Beginning as a talk delivered at the National University of Kyiv-Mohyla Academy, Ukraine May 17, 2017, now edited and amplified for publication in the electronic book review and the 2018 collection of ebr essays forthcoming from Bloomsbury Press.
"More is not necessarily more. Faster is not necessarily better. Big data is not necessarily better." In the effort to capture and make available data about people, digital humanities scholars must now weigh the decisions of what and what not to share. Geoffrey Rockwell and Bettina Berendt address the new ethical issues around “datafication” in an age of surveillance.
How might literary databases be seen as alternatives to the commodification of academic scholarship in for profit, subscriber platforms? Scott Rettberg and Joseph Tabbi discuss issues related to instrumentality, the global marketplace, and the digital humanities.
Reading Topographies of Post-Postmodernism: Review of Post-Postmodernism or, The Cultural Logic of Just-in-Time Capitalism by Jeffrey T. Nealon
In this essay, Laura Shackelford reviews Jeffrey T. Nealon’s “Post-Postmodernism.” Not merely an historical supplement to Fredric Jameson’s “Postmodernism,” but an attempt to devise a new critical method appropriate to our “just-in-time” present, Shacklford discusses its implications for literary practice in the 21st Century.
Natalia Fedorova claims sees the future of electronic literature in translation: just as translation from her native Russian to English can teach us about both of those languages, translations between "natural languages" and "languages of code" can clarify what makes electronic language literary.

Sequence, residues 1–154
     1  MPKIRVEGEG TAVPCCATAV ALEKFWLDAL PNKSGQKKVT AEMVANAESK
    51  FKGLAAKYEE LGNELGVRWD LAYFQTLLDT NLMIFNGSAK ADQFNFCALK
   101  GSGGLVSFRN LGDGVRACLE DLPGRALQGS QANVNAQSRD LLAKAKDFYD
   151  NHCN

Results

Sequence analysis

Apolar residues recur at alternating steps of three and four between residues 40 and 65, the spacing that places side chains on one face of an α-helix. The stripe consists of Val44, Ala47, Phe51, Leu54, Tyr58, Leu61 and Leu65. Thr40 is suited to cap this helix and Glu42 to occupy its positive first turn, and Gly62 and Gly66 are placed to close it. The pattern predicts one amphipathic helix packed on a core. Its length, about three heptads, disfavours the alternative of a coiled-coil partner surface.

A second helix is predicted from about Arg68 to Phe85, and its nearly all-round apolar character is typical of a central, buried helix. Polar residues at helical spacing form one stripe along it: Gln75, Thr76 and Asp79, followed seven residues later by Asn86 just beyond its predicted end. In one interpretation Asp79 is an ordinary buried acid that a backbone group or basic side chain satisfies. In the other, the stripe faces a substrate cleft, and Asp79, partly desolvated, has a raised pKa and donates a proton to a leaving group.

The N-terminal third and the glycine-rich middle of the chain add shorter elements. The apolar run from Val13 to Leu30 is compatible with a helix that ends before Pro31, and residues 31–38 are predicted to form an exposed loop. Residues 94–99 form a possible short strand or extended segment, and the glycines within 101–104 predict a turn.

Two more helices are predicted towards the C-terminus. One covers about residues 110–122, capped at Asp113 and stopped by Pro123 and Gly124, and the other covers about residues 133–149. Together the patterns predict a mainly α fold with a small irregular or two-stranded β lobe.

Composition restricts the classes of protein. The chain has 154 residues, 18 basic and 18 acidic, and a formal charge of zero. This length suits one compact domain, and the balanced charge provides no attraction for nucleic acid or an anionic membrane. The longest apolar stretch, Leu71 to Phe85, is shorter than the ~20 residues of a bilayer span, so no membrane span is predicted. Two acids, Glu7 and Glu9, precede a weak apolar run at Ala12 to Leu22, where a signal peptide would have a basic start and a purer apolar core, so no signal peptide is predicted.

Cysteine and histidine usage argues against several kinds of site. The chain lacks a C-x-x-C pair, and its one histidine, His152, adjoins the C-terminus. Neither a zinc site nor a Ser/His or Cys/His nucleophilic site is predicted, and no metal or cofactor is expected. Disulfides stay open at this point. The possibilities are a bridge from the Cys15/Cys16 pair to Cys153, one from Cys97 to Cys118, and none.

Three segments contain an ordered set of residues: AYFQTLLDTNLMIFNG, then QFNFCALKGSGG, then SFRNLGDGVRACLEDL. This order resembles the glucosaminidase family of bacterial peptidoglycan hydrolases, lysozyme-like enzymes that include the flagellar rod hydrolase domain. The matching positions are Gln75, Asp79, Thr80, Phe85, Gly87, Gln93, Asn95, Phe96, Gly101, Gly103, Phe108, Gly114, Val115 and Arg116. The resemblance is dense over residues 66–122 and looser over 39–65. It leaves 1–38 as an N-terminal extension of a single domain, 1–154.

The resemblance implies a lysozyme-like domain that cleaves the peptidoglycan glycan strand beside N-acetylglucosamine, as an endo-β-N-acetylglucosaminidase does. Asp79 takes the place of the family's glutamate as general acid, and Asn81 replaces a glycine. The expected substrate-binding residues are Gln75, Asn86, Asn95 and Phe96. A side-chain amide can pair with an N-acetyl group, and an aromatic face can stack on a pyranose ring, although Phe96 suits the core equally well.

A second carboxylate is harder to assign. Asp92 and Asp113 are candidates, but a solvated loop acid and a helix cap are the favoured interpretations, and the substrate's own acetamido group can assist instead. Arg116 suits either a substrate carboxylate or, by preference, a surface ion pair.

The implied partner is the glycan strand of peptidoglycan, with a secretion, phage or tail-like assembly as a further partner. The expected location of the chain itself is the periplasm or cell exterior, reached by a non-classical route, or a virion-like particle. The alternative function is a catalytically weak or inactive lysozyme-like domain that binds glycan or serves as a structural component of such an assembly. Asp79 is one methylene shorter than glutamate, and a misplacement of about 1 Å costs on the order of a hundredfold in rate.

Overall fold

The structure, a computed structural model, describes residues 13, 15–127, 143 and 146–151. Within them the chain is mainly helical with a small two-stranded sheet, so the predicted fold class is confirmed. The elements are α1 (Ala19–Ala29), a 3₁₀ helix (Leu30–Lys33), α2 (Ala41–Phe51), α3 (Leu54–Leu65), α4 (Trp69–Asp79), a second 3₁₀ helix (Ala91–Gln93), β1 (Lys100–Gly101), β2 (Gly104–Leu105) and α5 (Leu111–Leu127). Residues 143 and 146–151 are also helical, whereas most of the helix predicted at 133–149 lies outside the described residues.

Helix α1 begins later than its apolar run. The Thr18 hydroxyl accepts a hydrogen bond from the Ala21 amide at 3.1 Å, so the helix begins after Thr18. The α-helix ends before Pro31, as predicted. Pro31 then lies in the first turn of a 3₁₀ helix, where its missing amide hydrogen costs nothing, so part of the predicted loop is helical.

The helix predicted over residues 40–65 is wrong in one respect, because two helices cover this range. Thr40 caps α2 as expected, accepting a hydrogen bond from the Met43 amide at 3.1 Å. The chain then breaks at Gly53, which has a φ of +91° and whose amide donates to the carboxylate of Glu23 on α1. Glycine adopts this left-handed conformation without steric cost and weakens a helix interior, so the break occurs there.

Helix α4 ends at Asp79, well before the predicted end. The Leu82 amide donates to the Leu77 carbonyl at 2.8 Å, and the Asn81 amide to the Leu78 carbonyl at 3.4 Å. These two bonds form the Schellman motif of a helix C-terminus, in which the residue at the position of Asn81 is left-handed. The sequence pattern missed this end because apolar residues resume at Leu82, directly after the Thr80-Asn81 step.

Giorgio Agamben has identified the “State of Exception” as the emergent principle of governance for the 21st Century. Parallel to this crisis in politics, there is the increasing currency of the term emergence in literary criticism, media theory, and cultural studies to describe the general state of change. In this paper, Heckman considers electronic literature in the "state of emergency," as both a laboratory for formal innovation and a site of critique. Specifically, this paper takes into account the relationship between literacy, law, literature and criticism through a reading of Sandy Baldwin’s New Word Order, a work that reimagines poetry in the context of the first-person shooter game.
Andrew Reynolds reviews Stephen Schryer’s Fantasies of the New Class: Ideologies of Professionalism in Post-World War II American Fiction, which argues for an instrumental form of intellectual labor in the service of broader social goals. Comparing novelists and sociologists representative of this new class, Schryer detects a self-defeating strategy in their rejection of collective instrumentalism in favor of individual dissemination of cultural education. Where Schryer closes by criticizing recent conceptions of an alternative economy of non-instrumental intellectual work within the university as a fantasy, Reynolds observes a “performative contradiction” at work in Schryer’s text and suggests that it is a good thing.
Countering Andrew Gallix's suggestion in The Guardian that electronic literature is finished, author Dene Grigar indicates that it may not be e-lit, but rather the institution of humanities teaching, that is in a state of crisis - and e-lit in fact could be well placed one to revive the teaching of literature in schools and universities.